HRHeadStart #3: Hybrid Work; Collaboration Challenges; Leveraging Boredom; Networking Skills
The Talent Agenda
There is so much chatter about hybrid work and it seems a great many companies envisage that the days of 5-day office work are over. Many of them are designing policies around a mix of onsite and remote working arrangements. Now, if you might find yourself involved or listening in on such discussions, the best way to add value is to share evidence-informed opinions. Humu is an interesting insights and behavioural change company and their recent research suggests that peak performance is reached when employees work 1-2 days a week from home and the remaining days in the office. In fact, their data suggests that when employees work from home 3 or more days a week, the performance plateaus and then starts declining. You can also check out this article which can help you think about different work models and their suitability for different types of jobs.
Team Effectiveness is an evergreen topic and those of you who focus on Organization Development will be called to design and deliver team effectiveness interventions at some point in your careers. In a recent article from the MIT Sloan Management Review, the authors used a technique called Organizational Network Analysis** to understand patterns of connectivity in organisational networks and collaboration dysfunctions. If you have 15-20 minutes to deep-dive, read the entire piece or if you only have 5 minutes, check out the summary.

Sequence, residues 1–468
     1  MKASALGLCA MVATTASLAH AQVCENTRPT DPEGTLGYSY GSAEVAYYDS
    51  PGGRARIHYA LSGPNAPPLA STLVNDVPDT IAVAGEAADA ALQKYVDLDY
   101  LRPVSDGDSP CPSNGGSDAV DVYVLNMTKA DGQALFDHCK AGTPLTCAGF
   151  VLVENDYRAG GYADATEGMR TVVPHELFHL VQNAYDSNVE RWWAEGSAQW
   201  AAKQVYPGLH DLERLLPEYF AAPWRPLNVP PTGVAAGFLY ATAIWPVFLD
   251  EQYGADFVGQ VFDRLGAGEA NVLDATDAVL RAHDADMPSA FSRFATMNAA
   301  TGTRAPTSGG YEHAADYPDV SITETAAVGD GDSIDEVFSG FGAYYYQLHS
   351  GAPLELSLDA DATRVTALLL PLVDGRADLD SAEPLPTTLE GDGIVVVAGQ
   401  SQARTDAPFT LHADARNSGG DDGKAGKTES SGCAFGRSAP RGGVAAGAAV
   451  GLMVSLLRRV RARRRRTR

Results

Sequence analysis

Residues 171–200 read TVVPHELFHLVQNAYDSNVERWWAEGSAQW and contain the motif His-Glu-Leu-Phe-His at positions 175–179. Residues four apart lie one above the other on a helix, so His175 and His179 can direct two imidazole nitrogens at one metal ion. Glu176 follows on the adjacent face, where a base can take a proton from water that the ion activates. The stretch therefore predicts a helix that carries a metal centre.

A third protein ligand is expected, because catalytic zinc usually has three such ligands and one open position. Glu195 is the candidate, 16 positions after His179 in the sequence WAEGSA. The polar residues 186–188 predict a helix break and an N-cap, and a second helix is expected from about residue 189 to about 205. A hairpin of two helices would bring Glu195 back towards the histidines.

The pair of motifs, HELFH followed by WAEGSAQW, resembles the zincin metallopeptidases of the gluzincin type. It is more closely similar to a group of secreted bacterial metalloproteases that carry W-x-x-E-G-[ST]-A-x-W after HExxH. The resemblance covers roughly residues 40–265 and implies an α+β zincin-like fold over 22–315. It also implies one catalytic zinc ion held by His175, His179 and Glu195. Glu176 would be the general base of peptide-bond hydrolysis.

** Organisational Network Analysis is a technique to understand and visualize the different nodes (people/teams) in an organization, how they communicate and exchange information. For an introduction, head here.
We pick up our phones a few hundred times a day (or more!). And most of the times, we do so to kill "micro-boredom" i.e. tiny bits of time where we literally don't know what to do and the phone seems like a nice distraction. In the process, we are all developing a habit to fill up all of our time. So, what space are we affording for thinking deeply and creatively for things that matter to us? Boredom is not a problem to be solved, but the last privilege of a free mind. Lean into free time and make the most of it - you will come out of it with a better understanding of yourself and the world around you.
A Productive Workout
A workout is a great way to create mindspace for processing and learning new ideas. And it primes you for creative thinking. For your next walk, run or workout session, take along Adam Grant from Wharton to learn about how to get better at networking. Admittedly, I struggled with networking early on in my career. I realized that networking, as widely practiced, is largely transactional and that's what frustrated me the most. But, it is actually all about giving, rather than expecting to get something. Be generous with your time, energy and expertise to build deeper relationships. Grant has put together a helpful set of questions to help you reflect on how you network.
We should not treat others how we expect to be treated by them, but instead how they expect to be treated. Make an effort to understand people and where they are coming from. You will likely end up with a very meaningful and helpful network.